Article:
When you walk into a Barnes & Noble, what are the first books you see? Okay, it’s the deep-discount books in the foyer. Then what books do you see? Okay, it’s the books that publishers have paid to have promoted. But then what books do you see? Probably the books on the bestseller shelf, enticingly arranged in order of sales rank.
Aren’t those, though, by definition precisely the books that need the least promotion? That’s what Michael Dirda argues in a Bookforum article. In essence, Dirda says, bestseller lists like the ones found in the New York Times only serve to make the rich richer and to make it harder for the vast majority of writers to promote their work.
“The best-seller list functions, in essence, as a restraint of trade, a visible hand that crushes the life out of the literary marketplace. If one were to magically eliminate every form of the list, in print and online, as well as all those best-seller tables in Barnes & Noble, what would happen? People would spend more time browsing a bookstore’s stock, they would skim a page or two of various interesting-looking titles, and eventually they would plunk down their twenty dollars. In short, they would actively engage with a greater portion of our literary culture.”
This is a nice fantasy, but it seems highly dubious as a model of consumer behavior: it assumes that a book-buyer sets out to buy an unspecified book, to which he or she then allows the bookstore or website to lead him or her. In fact, people often—perhaps even usually—walk into a store or go to Amazon.com with a clear idea of exactly what book they want, and it’s probably not a title plucked off the top of the best-seller list.
Really, Dirda’s problem is not just with the list but with blockbuster culture, which pervades other fields as well as books. Movies come most immediately to mind: major studios are increasingly investing in big-budget franchise films that they hope will open huge, earning tons of free publicity for themselves as they do so. Even for someone who enjoys a good blockbuster now and again—whether by Michael Bay or John Grisham—it is dispiriting to think that it’s hard for smaller, riskier titles to earn a foothold.
The publishing industry is facing plenty of problems right now, but I think the blockbuster obsession is a problem that will get better rather than worse. Why? Because books are going the way of music, not movies. Everyone wants a bestseller no matter what they’re making, but the reason movies are so heavily driven by blockbusters is that their distribution channels are so limited. When a movie’s in theatrical release, you have to see it at a theater. Even in the multiplex era, theaters have a limited number of screens, and the entire industry benefits from those screens being occupied with safe-bet moneymakers.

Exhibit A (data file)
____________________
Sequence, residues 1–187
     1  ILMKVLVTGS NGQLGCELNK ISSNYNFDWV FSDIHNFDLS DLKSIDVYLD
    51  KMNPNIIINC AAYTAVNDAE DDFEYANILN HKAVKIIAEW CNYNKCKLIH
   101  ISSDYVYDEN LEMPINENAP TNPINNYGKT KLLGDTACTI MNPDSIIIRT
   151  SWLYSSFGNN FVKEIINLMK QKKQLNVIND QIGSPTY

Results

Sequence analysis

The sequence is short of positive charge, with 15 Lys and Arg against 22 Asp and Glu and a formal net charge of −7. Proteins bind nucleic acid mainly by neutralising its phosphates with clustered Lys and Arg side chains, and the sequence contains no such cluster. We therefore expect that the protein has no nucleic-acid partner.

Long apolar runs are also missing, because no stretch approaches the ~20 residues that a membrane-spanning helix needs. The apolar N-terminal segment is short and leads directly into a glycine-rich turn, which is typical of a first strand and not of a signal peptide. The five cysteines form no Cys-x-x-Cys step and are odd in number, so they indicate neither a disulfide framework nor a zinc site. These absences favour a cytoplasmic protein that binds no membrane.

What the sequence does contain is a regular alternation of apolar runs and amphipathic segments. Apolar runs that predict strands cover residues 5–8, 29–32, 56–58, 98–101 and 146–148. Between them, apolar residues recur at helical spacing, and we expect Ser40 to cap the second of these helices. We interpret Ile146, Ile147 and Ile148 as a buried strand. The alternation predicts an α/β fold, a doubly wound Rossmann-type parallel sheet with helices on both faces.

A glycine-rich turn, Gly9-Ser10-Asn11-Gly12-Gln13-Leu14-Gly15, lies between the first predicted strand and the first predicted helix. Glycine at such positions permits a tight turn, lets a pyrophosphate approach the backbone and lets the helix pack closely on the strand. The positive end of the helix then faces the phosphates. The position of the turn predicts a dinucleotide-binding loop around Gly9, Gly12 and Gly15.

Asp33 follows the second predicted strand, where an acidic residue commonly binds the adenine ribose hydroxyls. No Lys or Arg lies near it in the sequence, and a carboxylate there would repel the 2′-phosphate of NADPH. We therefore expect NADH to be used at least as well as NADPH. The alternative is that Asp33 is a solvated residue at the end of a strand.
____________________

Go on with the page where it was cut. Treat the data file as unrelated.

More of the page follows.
(That’s why movies are the only major media that are still released at different times in different areas of the country: you can buy Justin Bieber’s new album on the same day whether you live in L.A. or Peoria, but the big coastal cities still get many new movies weeks ahead of smaller cities. The major reason for this is that theater chains are waiting to see how those films will fare in limited release, so they know how many screens to open the films on in Minneapolis and Chicago and Houston.)
Speaking of Justin Bieber, look at what’s happened to music in the digital era: blockbusters have become far less important than they once were. Bestsellers are still given more visibility online, but publicity isn’t zero-sum—widely-used sites and services ranging from iTunes to Spotify to Last.fm and even Facebook recommend music based on your own listening history and your friends’ interests, which is much more likely to keep you listening (and buying) than trying to push the same blockbuster indiscriminately on everybody.
It’s the same at Amazon, for both music and books: stocking the new J.K. Rowling doesn’t mean bumping Jo Ann Beard off the shelf, and though factors including advertising and bestseller lists still drive sales, that’s less and less true as time goes on because the blockbuster-book system made much more sense in the hard-copy era than it does in the digital era. In fact, in today’s media world a best-seller list might ironically serve the function of getting readers out of their aesthetic ghettos and getting them to download titles they might not have ever considered otherwise.
Say what you will about Fifty Shades of Grey as a piece of writing, you have to admit that it’s off the beaten path for most of its readers and that it’s certainly not a product of any big-publishing conspiracy. I haven’t read it, but I’m certainly more strongly considering doing so than if it didn’t seem like everybody else in the world is reading it right now. In a world where best-sellers don’t push less-sellers off the shelf, maybe getting everybody on the same page every once in a while isn’t such a terrible thing.